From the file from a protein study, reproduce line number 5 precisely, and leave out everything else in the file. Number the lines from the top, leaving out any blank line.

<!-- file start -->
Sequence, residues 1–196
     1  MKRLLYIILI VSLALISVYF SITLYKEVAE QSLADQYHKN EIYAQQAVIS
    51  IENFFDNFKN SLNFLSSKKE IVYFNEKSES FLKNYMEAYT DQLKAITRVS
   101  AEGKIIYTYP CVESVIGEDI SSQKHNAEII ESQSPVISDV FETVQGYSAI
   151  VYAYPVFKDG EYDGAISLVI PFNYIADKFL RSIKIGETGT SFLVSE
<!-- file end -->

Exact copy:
   151  VYAYPVFKDG EYDGAISLVI PFNYIADKFL RSIKIGETGT SFLVSE